The Saturation Point

The Saturation Point is defined by Dictionary.com as the point in which a final capacity is reached. When no more of a substance can be added or held. When it comes to getting caught out in the rain, this is the point in which your clothing is so thoroughly soaked that you simply cannot hold any more water.

It is rare that we hit our saturation point, as despite complaining about getting caught out in the rain, with our modern conveniences it is rare to be thoroughly waterlogged. Shelter and towels are usually close at hand and for those that are impatient with the rate of evaporation, hair dryers and clothes dryers provide speedy alternatives.

Vehicles make transportation luxurious as we no longer must we trudge through the elements to travel…

…unless we want to!

In May of 2015, I elected to trudge.

While running Kickstarter campaign, a man told me that self-promotion is a full-contact sport. The message resonated with me, particularly as I was pulling 15-18 hour days at conventions demonstrating my game in an effort to raise funds for the campaign. The whole process was alleviated by the fact that I genuinely enjoy talking to people, but still; 18 hours of talking non-stop is still 18 hours.

After speaking to people for so long, I felt the impulse to take a few hours to myself. During a convention called Keycon, I planned to repeat my annual walk home at 2:00 A.M to be my downtime, a period of 2.5 hours to reflect on the convention and catch up on the latest episode of my favorite podcast: Hardcore History.

The previous year the walk home had been easy, as summer nights in Winnipeg are typically calm and serene with gentle breezes that take the edge of the hot and humid days.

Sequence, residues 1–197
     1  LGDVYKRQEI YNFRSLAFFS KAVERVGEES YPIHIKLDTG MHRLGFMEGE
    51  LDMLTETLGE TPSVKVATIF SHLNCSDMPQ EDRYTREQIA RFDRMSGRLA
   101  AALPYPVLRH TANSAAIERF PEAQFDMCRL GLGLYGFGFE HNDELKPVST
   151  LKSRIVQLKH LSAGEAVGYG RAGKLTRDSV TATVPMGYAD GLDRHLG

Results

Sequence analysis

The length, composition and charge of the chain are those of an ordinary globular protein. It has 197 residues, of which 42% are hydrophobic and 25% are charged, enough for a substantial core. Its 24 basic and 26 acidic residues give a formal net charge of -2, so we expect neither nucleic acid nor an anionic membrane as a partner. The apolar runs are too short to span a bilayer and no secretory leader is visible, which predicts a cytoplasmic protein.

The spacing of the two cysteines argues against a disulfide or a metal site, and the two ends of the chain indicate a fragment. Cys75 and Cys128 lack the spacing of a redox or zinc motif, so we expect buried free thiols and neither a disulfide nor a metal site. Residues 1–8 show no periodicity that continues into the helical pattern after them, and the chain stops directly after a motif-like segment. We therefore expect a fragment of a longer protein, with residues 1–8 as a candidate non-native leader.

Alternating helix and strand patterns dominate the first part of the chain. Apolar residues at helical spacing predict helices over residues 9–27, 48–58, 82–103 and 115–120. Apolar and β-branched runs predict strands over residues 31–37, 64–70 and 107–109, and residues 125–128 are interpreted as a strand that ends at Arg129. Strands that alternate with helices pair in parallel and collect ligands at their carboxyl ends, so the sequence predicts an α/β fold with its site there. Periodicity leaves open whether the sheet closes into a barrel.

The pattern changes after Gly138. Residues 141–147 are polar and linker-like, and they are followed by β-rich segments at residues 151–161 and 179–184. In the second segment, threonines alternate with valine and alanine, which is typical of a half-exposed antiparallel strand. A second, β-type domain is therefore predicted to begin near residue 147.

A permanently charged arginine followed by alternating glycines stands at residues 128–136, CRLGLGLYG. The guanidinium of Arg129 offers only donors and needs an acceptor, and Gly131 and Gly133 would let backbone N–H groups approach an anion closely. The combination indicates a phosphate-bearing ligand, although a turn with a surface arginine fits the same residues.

May 16, 2015 was not one of these serene night.

After a hot and muggy week, I watched through the windows of the convention’s game room as dark clouds accumulated throughout the evening. At around 1:00 A.M it began to drizzle and by 2:00, it had progressed into a mid-summer shower.

Being stubborn about sticking to plans, I decided that shower or not, I was going on my contemplative walk. I began by stuffing all my belongings into a water-proof bag and zipped up my water-resistant jacket (not to be confused with water-proof).

I said goodbye to the stragglers in the gaming room, namely two men engaged in a three day game of Star Wars miniatures with enough figurines to re-mortgage a house. After learning of what I was about to attempt, they informed me in no uncertain terms that I was clearly insane and begged me to reconsider my travel plan.

I brushed it off with the inane response only a particular sub-section of geek subculture that the three of us inhabited could understand, namely that that “I loved Bladerunner”. [This is not hyperbole, it is Why I Write]

I then walked into the rain-slick cityscape, confident in having established myself as a bona fide insane game designer.

When I began to walk, the rain remained mild; neither a drizzle nor a downpour. Accompanying me was the voice of Dan Carlin in his most recent episode of Hardcore History, which covered the trials and tribulations of World War I.

At about the fifteen minute mark and just as I was in the middle of an open bridge with no shelter, Poseidon suddenly began to play hard-ball and the rain and wind rose in synch, creating a torrential downpour.

For my part, I took solace in the thought that in these conditions, I was probably safer from muggings or harassment during this late night stroll then at any other point in my life.

Not knowing what else to do, I also turned up the volume of my podcast.

This was a mistake.